Elliptic Curves in Cryptography
Fall 2011
Description
Elliptic curves play a fundamental role in modern cryptography. They can be used to implement encryption and signature schemes more efficiently than "traditional" methods such as RSA, and they can be used to construct cryptographic schemes with special properties that we don't know how to construct using "traditional" methods.
In this course we will discuss the mathematics of elliptic curves and their applications in cryptography. We will study cryptosystems based on elliptic curves and discuss their security, and we will study algorithmic aspects of elliptic curves related to cryptosystem construction and security. Towards the end of the course we will cover more advanced topics, to be chosen based on class interest.
Prerequisites: This course is intended for advanced undergraduates, masters students, and beginning Ph.D. students. The course is self-contained; however, some exposure to abstract algebra (groups, rings, and fields) and/or elementary number theory (primes and modular arithmetic) will be helpful. Students are expected to be able to follow and write mathematical proofs. There will be some programming exercises in the mathematical software SAGE, which is based on Python. Prior programming experience will be helpful; exposure to Python will not be assumed.
Textbook Information
- Required: Elliptic Curves: Number Theory and Cryptography, 2nd edition by L. Washington.
- Online edition of Washington (available from on-campus computers; click here to set up proxies for off-campus access).
- There is a problem with the Chapter 2 PDF in the online edition of Washington: most of the lemmas and theorems don't display correctly. We are working with Stanford Libraries and the publisher to make a correct version available. In the meantime, here is a PDF file with the missing content.
Homework Assignments
- There will be four homework assignments.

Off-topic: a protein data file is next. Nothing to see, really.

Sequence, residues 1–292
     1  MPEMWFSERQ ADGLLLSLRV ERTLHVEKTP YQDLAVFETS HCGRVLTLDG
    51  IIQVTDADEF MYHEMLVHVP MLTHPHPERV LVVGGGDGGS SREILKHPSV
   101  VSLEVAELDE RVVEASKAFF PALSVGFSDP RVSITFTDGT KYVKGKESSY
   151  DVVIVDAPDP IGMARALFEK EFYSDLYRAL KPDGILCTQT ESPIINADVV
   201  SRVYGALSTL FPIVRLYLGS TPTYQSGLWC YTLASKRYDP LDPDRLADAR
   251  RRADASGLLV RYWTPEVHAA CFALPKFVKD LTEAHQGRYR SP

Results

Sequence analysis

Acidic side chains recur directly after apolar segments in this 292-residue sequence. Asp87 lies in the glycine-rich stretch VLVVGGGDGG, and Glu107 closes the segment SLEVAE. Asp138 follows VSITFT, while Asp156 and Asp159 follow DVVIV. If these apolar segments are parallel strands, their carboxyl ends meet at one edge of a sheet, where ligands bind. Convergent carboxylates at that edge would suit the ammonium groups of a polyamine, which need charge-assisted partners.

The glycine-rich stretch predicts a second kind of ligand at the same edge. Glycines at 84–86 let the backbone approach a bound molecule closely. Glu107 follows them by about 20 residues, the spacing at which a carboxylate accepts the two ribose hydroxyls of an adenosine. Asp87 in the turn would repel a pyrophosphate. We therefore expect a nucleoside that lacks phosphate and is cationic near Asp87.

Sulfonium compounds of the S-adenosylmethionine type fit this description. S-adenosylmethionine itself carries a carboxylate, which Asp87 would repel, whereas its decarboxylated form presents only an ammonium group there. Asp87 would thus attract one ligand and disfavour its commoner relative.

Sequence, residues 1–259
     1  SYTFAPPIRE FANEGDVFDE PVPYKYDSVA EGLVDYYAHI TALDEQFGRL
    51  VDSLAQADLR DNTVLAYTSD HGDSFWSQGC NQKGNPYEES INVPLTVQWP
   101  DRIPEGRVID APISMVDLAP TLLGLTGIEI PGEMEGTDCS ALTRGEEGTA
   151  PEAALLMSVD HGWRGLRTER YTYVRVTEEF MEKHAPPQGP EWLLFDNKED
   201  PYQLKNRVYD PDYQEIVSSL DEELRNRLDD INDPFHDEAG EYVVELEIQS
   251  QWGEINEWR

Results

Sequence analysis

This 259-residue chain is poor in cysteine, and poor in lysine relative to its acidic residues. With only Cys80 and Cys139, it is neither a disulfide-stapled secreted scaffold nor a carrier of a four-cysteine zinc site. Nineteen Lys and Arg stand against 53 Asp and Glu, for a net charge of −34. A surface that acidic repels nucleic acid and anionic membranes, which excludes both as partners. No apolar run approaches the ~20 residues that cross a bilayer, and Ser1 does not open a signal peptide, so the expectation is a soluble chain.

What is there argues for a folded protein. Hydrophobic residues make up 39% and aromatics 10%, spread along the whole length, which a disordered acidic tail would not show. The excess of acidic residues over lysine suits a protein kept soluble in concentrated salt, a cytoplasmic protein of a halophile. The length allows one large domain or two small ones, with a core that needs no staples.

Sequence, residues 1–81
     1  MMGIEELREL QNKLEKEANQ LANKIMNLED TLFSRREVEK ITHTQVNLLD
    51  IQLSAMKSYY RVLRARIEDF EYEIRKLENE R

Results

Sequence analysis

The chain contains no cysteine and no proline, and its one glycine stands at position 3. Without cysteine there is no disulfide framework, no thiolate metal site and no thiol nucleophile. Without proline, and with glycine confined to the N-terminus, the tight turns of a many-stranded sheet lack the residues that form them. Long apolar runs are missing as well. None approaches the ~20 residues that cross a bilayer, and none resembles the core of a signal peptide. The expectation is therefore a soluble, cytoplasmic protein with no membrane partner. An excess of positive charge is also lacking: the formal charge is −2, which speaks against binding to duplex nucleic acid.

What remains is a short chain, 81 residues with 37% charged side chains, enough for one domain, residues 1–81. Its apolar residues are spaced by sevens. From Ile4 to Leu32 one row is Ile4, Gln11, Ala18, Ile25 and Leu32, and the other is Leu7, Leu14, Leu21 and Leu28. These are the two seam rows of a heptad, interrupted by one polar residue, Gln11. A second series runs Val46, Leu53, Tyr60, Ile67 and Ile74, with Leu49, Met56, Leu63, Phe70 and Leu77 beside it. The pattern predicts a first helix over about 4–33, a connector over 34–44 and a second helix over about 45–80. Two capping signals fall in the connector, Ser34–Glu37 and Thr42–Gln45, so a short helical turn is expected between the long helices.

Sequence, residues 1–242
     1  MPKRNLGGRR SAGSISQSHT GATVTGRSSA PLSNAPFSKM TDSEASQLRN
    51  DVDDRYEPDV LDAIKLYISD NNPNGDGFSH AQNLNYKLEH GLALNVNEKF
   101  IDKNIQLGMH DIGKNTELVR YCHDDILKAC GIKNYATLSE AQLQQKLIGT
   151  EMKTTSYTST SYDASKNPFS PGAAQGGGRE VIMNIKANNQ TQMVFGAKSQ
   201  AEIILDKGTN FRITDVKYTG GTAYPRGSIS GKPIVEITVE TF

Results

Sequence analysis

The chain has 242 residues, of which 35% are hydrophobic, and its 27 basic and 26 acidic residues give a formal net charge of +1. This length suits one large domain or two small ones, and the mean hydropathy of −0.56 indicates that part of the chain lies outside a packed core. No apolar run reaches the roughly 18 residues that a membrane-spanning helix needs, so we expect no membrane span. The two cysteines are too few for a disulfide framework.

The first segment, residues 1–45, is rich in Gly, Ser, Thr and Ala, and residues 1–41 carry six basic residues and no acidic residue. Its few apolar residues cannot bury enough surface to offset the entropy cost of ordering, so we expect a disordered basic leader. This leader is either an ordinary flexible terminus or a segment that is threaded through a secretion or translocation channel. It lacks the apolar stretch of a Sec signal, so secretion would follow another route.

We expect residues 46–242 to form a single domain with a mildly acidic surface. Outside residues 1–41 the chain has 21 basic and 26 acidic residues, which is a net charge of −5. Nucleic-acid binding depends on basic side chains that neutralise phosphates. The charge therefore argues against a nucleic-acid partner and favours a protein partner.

- There are three options for turning in homework:
- Turn in written/printed solutions at the beginning of class on the due date.
- Put written/printed solutions under Mark's office door (Gates 494) by 4pm on the due date.
- Submit solutions in PDF form to Mark (zhandry at cs.stanford.edu) by 4pm on the due date.
- Homeworks submitted electronically will be graded and returned electronically.
- Use of LaTeX is encouraged but not required.
- You are allowed to use SAGE to answer any homework question; indeed, some questions will require computer computations. Any work you do in SAGE must be printed out and attached to the assignment you turn in (or attached in PDF form if submitting electronically).
- You may collaborate on assignments; however when writing up the solutions you must do so on your own. This includes writing your own code for any programming you do.
- Extensions: Each student has a total of 72 extension hours throughout the quarter. This automatic extension can be spent in units of 24 hours on any of the homework assignments. Please mark the submission time for any late assignment. There will be no additional extensions.
- Late homework: Homework turned in after all the extension hours have been used will receive 50% credit. No credit will be given for homework turned in more than 1 week after the due date.
Exams and Projects
There will be no midterm or final exam. There will be a final project consisting of an expository paper on some aspect of elliptic curve cryptography.
The final paper must be typeset in LaTeX and emailed to David (dfreeman at cs.stanford.edu) by 5pm on Thursday, December 15. No extensions will be given.
Grading
Your grade will be determined by the following formula:
0.6 H + 0.4 F
where:
- H is your average score on the four written homework assignments.
- F is your grade on the final project.